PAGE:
(Photo: Facebook/ Matt Salmon)
The homosexual son of GOP Congressman Matt Salmon of Arizona, says CNN and MSNBC nixed interviews with him after he refused to bash his father on their shows.
In an interview on Sunday with local news channel KPNX, the junior Salmon said after he told producers at both CNN and MSNBC that he would not attack his father in on-air interviews, his appearances were cancelled. However, both television networks deny the younger Salmon's claim.
"…They had intended to be critical of him and... I was unwilling to do so," said the junior Salmon of his cancelled appearance on MSNBC's The Last Word With Lawrence O'Donnell, in the KPNX interview.
He also noted that the Piers Morgan Live show on CNN "seemed very gungho" about an interview with him initially, but "they seemed to lose interest" when he informed them that he wouldn't criticize his father.
In a response to BuzzFeed, MSNBC said: "a producer had initial conversations with Matt, like we do with many potential guests every day, but he was never formally booked for the show."
A source close to the Piers Morgan's show also told that publication, "This isn't accurate. The show simply booked up with other guests on a different topic. Happens all the time in cable news."
Congressman Salmon recently reaffirmed his support for traditional marriage even though his son is openly homosexual and once led the Arizona Log Cabin Republicans.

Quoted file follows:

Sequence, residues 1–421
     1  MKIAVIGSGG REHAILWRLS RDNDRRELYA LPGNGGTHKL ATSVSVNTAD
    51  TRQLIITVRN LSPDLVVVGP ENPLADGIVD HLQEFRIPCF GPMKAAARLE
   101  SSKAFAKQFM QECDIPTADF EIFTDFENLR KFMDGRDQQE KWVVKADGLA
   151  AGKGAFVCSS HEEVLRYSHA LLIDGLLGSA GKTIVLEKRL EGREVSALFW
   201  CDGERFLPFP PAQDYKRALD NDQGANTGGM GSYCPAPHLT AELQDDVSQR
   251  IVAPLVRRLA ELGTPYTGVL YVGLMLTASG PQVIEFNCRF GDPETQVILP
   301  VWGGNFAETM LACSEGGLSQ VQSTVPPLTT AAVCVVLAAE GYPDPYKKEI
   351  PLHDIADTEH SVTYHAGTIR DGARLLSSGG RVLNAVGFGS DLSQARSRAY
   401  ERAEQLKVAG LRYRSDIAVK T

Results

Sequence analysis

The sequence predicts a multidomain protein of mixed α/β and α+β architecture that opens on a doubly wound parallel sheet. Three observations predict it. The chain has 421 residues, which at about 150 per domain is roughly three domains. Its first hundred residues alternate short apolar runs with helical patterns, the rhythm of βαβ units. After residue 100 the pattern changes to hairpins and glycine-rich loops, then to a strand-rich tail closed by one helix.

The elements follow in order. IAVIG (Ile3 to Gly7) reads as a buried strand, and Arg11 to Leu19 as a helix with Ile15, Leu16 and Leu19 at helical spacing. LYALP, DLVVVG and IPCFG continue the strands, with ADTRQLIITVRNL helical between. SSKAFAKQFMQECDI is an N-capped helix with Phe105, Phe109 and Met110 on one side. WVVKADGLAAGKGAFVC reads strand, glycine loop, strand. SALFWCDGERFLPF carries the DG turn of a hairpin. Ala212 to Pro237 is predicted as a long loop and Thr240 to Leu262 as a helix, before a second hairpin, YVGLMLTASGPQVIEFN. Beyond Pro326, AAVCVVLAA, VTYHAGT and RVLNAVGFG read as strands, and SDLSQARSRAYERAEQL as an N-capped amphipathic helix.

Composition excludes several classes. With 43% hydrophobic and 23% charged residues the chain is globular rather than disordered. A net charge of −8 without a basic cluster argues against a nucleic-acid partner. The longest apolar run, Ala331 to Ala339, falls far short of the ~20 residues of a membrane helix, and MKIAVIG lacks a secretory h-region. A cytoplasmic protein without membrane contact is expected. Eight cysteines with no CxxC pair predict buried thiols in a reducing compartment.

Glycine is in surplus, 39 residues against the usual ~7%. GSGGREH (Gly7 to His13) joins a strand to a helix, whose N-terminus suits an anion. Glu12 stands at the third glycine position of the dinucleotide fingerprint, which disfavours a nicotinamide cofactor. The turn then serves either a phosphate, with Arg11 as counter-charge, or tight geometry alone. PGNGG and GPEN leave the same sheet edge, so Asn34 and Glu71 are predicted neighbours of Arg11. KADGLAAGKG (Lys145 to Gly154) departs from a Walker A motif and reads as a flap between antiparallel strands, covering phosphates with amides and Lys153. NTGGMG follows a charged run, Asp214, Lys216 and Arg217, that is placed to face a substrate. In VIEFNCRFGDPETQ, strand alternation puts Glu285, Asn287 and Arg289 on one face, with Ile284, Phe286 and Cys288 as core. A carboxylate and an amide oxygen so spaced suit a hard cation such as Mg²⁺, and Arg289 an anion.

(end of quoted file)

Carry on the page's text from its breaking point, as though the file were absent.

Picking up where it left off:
He told KTVK-TV that although he loves his son, his sexuality would not change his convictions about same-sex marriage.
"I don't support gay marriage," the elder Salmon told the local news station. "I'm just not there, as far as believing in my heart, that we should change 2,000 years of social policy in favor of a redefinition of the family."
He noted however that: "It doesn't mean I don't have respect, it doesn't mean I don't sympathize with some of the issues, it means I haven't evolved to that station."
The Supreme Court, which recently heard arguments surrounding the constitutionality of portions of the Defense of Marriage Act (DOMA) as well as California's ban on gay marriage, is expected to deliver its decision on these issues in June.
DOMA was signed into law in 1996 by then President Bill Clinton who now says he is against the legislation. There is also changing public reaction in favor of same sex marriage according to public opinion polls.
Just 37 percent of Americans supported same-sex marriage in 2009, while 54 percent were opposed to it. Recent polls show that 58 percent of Americans now support same-sex marriage while 36 percent are opposed to it.